Yesterday President Obama nominated Judge Sonia Sotomayor to replace retiring Justice David Souter* on the U.S. Supreme Court. The choice was significant for several reasons, not least of which is that she will help to fill some demographic gaps on the current court. While other sites will cover those aspects in more detail, I would like to focus on how the choice might affect environmental policy.
During the past eight years, the federal court system frequently served as the last bastion to reverse environmentally harmful Bush administration policies. Federal lawsuits covered topics from endangered species protection to air and water pollution to punitive damages in the Exxon Valdez case. Perhaps the most significant recent case was Massachusetts v. EPA, in which the Supreme Court ruled that the EPA has authority to regulate greenhouse gas emissions under the Clean Air Act and that it must do so if greenhouse gas emissions endanger public health and welfare. Last month, the EPA found that such emissions do endanger public health, thus triggering future regulations. Whether reduction of greenhouse gases comes via EPA regulations or a legislated cap-and-trade program, the specifics are likely to wind up in federal courts, perhaps even at the Supreme Court. Likewise, the new administration's wildlife protection policies may well trigger lawsuits.
Thus Souter's replacement is likely to have a significant impact on environmental policy. Given what I have read so far, Sotomayor has faced relatively few environmental cases. One of her opinions in a case reviewed by SCOTUSblog gives some reason for optimism:
Sotomayor’s most notable environmental-law opinion is Riverkeeper v. EPA, 475 F.3d 83 (2d Cir. 2007), a challenge to an EPA rule regulating cooling-water intake structures at power plants. To minimize the adverse impact on aquatic life (which could otherwise be trapped against the intake structure or, if small enough, sucked into the pipes themselves), the Clean Water Act requires the intake structures to use the “best technology available,” without specifying what factors the EPA should consider in determining what constitutes the “best technology available.” Sotomayor wrote and opinion holding that the EPA was not permitted to engage in a cost-benefit analysis to determine “best technology available”; instead, it could consider cost only to determine “what technology can be ‘reasonably borne’ by the industry” and whether the proposed technology was “cost-effective” - which, she concluded, requires the EPA in turn to determine whether the technology at issue is “a less expensive technology that achieves essentially the same results” as the best technology that the industry could reasonably bear. Thus, she explained, “assuming the EPA has determined that power plants governed by the Phase II Rule can reasonably bear the price of technology that saves between 100-105 fish, the EPA, given a choice between a technology that costs $100 to save 99-101 fish and one that costs $150 to save 100-103 fish . . . could appropriately choose the cheaper technology on cost-effectiveness grounds.” On this issue, Sotomayor remanded to the EPA, finding it “unclear” how the EPA had arrived at its conclusions and, in particular, whether the EPA had improperly weighed costs and benefits.Sotomayor also wrote that restocking fish would not fulfill the Clean Water Act's requirements. Unfortunately her decision was subsequently overturned by a Supreme Court decision written by Justice Scalia. In this opinion, she takes a firm stand in favor of strong federal regulation to protect wildlife. Presumably this would extend to other environmental policy questions as well.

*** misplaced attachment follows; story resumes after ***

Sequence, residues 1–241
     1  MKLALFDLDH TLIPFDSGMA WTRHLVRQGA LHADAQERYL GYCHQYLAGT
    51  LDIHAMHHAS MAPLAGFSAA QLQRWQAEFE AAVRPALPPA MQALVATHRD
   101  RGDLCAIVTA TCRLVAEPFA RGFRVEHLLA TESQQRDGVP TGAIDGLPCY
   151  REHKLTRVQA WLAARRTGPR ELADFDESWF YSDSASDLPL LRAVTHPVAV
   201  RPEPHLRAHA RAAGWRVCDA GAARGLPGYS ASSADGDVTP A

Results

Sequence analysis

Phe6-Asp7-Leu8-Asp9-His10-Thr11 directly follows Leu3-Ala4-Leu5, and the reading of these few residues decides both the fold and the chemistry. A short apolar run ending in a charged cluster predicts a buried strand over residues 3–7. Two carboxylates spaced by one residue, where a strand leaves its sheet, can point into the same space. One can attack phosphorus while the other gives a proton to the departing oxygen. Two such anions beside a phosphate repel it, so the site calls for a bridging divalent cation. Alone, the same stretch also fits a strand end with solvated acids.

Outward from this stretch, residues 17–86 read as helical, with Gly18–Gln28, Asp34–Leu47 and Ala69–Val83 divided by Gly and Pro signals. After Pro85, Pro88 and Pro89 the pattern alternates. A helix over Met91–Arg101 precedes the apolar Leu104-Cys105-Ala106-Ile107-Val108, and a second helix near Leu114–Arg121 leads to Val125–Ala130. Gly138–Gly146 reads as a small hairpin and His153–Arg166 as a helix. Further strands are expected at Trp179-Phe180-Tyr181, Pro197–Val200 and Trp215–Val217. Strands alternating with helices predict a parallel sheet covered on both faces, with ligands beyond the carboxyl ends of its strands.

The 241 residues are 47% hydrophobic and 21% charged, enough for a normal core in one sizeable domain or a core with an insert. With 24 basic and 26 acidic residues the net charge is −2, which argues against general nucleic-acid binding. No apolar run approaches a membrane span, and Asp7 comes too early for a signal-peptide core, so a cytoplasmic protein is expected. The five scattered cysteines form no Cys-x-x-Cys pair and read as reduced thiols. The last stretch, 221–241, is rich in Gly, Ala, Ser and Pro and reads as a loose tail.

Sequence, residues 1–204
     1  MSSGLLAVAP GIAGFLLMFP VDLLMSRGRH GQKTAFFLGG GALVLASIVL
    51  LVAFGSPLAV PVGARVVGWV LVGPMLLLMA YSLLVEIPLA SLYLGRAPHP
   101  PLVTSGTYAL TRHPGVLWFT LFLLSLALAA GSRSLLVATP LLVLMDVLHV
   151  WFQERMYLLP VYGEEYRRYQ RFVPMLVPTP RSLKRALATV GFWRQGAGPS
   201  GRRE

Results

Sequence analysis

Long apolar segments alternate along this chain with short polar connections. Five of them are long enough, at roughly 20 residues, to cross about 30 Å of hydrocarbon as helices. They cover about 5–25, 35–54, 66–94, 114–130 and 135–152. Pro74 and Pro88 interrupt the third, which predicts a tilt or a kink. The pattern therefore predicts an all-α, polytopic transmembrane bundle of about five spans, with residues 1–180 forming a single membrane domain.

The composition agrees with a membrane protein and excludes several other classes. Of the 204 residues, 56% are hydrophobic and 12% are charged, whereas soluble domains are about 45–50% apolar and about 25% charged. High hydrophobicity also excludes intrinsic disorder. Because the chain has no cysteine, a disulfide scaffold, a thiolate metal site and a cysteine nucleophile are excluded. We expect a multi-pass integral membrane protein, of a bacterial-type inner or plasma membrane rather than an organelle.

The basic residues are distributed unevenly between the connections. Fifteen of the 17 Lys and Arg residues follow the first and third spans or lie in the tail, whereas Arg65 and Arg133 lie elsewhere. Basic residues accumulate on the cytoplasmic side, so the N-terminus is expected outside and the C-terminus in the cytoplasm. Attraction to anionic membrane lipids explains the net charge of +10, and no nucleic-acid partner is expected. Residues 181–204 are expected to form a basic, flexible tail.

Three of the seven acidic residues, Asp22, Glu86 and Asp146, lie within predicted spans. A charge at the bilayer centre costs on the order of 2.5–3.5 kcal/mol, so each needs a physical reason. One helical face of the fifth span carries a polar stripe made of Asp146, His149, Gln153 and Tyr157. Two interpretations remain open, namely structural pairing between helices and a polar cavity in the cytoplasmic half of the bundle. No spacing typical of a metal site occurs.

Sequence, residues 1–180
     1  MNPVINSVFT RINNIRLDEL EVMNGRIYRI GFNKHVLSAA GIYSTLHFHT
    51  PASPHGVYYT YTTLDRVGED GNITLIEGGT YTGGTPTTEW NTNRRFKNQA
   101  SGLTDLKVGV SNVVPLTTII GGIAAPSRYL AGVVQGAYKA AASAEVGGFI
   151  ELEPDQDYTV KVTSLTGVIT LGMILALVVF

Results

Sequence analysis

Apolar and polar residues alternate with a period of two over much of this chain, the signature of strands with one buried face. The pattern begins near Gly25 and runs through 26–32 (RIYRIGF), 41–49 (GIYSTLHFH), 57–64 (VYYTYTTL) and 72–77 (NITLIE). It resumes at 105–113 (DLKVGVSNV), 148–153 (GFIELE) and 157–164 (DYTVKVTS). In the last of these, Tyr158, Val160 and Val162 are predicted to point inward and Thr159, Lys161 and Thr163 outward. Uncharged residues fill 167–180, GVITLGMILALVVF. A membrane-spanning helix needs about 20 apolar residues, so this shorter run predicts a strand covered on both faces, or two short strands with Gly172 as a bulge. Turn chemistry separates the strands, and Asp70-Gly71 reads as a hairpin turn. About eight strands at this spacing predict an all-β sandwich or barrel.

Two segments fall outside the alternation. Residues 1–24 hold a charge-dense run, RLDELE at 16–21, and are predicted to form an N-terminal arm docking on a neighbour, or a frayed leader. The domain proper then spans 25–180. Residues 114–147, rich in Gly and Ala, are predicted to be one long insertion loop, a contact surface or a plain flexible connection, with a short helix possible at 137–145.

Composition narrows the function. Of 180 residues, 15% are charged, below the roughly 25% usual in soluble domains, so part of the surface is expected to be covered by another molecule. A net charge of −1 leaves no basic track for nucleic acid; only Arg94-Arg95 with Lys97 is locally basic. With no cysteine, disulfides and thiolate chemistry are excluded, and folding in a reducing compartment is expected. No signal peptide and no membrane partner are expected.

I would not want to put too much emphasis on a single opinion, especially since other cases before the Second Circuit have not fared as well. Sotomayor would also not shift the Supreme Court's current balance on environmental issues. As noted by SCOTUSblog, Justice Souter was one of the three dissenters when Sotomayor's ruling was overturned, suggesting that they have similar views. At the very least, she should prevent the court from becoming worse, and she ought to continue Souter's strong environmental voting record.
Given what we know, I think Sotomayor is a good pick.
* Speaking of Souter, I would be remiss not to mention this Onion report.